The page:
[log in to unmask]" type="cite">I tried the following strategies.Having "smaller" carts (10 each) assigned to "communities".This works well for "paired" activities. And there are already at least 10-12 desktops in each community so a 1:1 ratio for an activity could occur depending on how communities arrange their space.A community is usually 3 classes of '20-24' students.I recently put a "spare" cart with 8-10 laptops in circulation for times when you need more, and most people find that they can usually manage with the cart within their communities. The computer lab is also available and used much differently since we have done this.That is less 'management' than a cart of "20 or 24' computers; allows for some flexible/mobile learning, encourages 'accountability' within a community, and even encourages collaboration and problem solving amongst the students.I have meetings with the student reps within each community and ask them for help solving "tech issues" and sometimes they come up with solutions amongst themselves that they have more vested interest in because they designed the solution.Some communities came up with 'sign up sheets'. Others came up with a "tech rep" to spot check the cart after the class is done. Others assigned a laptop a number and each student is given a number and has to use that laptop. Basically this means "6 students" total should touch that laptop and have to live with the consequences of disrepair or not reporting problems.Again.. No ONE size fit all answers. Big differences amongst the the 'team culture' and the solutions that work.Our laptops/ netbooks are in grades 456 and 78I'm struggling with how many "spare" power cords to purchase. Seems like this helps with the "ooops" I need a little more battery situation, but those 'extra' power cords seem to disappear.Any suggestions for a place to purchase less expensive non OEM power cords for laptop carts?Lucie
On Tue, Apr 6, 2010 at 9:05 PM, Eric Hall <[log in to unmask]> wrote:
I have considered a “pre-check” form as well, but am concerned that this would become an obstacle. It is already a challenge for teachers to distribute laptops and wait for startup (“sleeping” between sessions was not working well at all), which takes 5-10 minutes of their 45 minute block. Take away 5 at the end for putting things away properly (this is where the equipment REALLY takes a beating!) and on-task time is 30 minutes. True: some of this speaks the the need for more flexible/block scheduling and extended instructional time.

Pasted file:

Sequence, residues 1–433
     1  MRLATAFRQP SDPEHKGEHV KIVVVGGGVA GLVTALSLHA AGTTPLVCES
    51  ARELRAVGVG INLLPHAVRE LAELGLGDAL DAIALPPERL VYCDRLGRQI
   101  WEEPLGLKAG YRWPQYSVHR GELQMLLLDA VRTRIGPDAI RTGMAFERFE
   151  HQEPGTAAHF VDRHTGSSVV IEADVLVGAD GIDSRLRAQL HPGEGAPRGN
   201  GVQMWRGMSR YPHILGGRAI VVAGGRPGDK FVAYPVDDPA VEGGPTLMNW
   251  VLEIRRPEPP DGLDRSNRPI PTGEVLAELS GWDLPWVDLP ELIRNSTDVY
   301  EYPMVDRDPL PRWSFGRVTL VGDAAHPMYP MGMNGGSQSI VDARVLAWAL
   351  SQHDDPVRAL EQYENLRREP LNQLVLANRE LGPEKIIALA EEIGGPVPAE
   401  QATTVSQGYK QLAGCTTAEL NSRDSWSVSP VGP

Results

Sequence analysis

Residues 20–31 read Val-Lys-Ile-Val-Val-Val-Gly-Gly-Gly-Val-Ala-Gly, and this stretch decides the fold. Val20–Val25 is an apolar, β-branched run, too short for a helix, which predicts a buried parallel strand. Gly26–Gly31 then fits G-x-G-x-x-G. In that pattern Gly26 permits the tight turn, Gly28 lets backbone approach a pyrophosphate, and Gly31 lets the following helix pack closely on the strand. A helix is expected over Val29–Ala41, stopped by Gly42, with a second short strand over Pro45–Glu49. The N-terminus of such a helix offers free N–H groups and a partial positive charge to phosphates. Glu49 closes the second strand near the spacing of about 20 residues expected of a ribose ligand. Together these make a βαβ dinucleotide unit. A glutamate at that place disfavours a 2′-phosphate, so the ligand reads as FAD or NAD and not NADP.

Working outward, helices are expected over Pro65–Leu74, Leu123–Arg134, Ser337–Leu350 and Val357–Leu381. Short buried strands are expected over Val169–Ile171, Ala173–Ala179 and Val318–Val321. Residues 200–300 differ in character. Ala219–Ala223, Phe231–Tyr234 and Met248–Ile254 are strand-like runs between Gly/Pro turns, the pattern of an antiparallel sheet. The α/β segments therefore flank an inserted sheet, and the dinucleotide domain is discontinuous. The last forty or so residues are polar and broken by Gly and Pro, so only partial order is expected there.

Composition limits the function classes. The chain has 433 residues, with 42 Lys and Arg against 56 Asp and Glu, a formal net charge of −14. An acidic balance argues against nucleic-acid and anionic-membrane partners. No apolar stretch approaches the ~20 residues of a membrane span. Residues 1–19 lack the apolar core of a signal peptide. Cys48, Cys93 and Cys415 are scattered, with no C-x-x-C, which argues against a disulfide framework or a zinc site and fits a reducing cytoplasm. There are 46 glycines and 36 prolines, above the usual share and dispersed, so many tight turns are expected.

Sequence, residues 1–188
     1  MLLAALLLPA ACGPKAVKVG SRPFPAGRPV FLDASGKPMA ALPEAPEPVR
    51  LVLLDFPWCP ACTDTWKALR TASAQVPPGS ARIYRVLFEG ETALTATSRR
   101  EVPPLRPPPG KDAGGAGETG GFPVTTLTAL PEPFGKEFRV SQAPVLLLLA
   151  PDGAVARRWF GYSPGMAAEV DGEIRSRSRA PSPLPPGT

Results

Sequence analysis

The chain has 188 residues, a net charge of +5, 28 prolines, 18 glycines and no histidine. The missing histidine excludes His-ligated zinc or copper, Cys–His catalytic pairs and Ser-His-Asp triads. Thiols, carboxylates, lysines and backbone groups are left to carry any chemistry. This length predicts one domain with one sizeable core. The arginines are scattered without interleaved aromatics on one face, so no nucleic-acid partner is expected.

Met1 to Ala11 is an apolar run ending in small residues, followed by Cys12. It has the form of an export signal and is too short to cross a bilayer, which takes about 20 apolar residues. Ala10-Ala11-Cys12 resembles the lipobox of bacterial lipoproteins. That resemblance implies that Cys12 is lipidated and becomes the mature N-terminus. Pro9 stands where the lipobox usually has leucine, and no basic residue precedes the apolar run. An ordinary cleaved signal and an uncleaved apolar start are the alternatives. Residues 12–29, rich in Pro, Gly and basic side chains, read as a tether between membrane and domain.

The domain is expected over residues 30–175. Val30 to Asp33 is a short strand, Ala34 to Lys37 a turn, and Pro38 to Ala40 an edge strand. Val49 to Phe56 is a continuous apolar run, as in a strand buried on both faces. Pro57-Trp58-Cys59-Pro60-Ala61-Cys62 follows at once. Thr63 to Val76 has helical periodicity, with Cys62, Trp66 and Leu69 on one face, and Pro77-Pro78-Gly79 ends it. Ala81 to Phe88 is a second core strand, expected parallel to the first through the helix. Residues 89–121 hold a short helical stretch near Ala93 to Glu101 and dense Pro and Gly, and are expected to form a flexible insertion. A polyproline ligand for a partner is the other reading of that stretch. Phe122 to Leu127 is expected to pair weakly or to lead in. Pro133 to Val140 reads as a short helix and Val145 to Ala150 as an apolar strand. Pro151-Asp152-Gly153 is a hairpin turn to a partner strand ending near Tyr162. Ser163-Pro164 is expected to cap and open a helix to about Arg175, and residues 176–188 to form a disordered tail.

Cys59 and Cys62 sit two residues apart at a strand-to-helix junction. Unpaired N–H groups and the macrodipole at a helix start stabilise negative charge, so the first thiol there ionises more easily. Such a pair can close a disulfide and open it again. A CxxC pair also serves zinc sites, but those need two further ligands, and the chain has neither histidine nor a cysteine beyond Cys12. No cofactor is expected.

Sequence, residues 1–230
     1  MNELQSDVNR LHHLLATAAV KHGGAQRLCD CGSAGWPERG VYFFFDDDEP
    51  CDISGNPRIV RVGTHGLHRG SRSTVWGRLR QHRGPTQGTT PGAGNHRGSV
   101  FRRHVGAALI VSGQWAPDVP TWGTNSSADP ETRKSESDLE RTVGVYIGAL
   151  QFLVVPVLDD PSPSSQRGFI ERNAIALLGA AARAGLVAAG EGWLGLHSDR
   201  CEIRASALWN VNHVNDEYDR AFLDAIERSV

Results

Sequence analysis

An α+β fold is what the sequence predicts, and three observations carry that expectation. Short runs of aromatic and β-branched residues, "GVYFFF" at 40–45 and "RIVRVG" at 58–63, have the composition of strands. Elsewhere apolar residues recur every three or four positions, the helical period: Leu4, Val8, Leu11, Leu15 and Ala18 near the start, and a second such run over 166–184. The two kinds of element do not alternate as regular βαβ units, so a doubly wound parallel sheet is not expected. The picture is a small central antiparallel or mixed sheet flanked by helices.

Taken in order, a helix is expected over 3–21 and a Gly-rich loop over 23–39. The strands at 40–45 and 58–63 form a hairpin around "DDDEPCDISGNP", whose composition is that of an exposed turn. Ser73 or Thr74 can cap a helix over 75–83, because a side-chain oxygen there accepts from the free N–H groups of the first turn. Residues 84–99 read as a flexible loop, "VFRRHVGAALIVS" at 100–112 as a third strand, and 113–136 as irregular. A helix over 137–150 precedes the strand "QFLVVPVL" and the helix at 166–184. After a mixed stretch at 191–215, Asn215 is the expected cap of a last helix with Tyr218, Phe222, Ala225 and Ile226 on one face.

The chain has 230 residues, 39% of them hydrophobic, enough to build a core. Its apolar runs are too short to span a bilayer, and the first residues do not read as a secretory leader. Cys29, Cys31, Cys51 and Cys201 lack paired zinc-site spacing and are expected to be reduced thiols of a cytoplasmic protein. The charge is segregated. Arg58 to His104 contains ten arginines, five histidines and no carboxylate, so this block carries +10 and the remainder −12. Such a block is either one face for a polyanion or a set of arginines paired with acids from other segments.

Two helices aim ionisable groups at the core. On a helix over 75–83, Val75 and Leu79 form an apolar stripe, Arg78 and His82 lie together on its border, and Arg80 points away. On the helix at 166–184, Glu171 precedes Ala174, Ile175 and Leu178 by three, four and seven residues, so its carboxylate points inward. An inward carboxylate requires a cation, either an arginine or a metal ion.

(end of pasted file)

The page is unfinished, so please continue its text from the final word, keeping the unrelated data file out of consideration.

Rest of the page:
SO I am continuing to hang my hopes on training for both teachers and (more importantly) students. I met with every class early in the year when they first started using laptops, and have been doing “refreshers” recently now that they have become (too) comfortable with the equipment. I think there is a role for community self-regulation here: if kids value having this equipment available, they will take care of it AND police peers who are not taking care. The most significant issue is teachers who are either not vigilant when kids are using the equipment or who are not holding the kids accountable for misuse. We need zero tolerance to get the message across, but I think we also need to accept some wear-and-tear as the “cost of doing business.”
Fortunately we are not seeing the degree of damage that you describe, but I am concerned for the longevity of our laptops.
on 4/6/10 1:34 PM, Bryan Thompson wrote:
The subject isn't exactly what I'm looking for, but I'm wondering if people could send me a list of things teachers should fill out each time they use laptop computers in their classroom. We currently have a number of laptop carts, and many more being distributed as soon as we put together the carts. For the last few years, the kids have not been gentle to the computers - pulling of keys, writing on them, etc. We try to have a zero tolerance policy on this - the computer keys are supposed to get replaced the day they get pulled off. Unfortunately that is not the reality. Teachers will either never tell us about abuse, and we find the abuse during our bi-yearly cleanings, or teachers will complain after a computer has almost no keys on them.
If you have sign out sheets for the teachers to check off the condition of computers when they are given out, and received again, I'd really appreciate it. The superintendent is going to make it mandatory for teachers to have filled out.
Winooski School District
Winooski, VT 05404
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Tech Integration Specialist - St. Albans City Schoool
Work: 802 527 0565 x 3206
Cell: 802 752 6086
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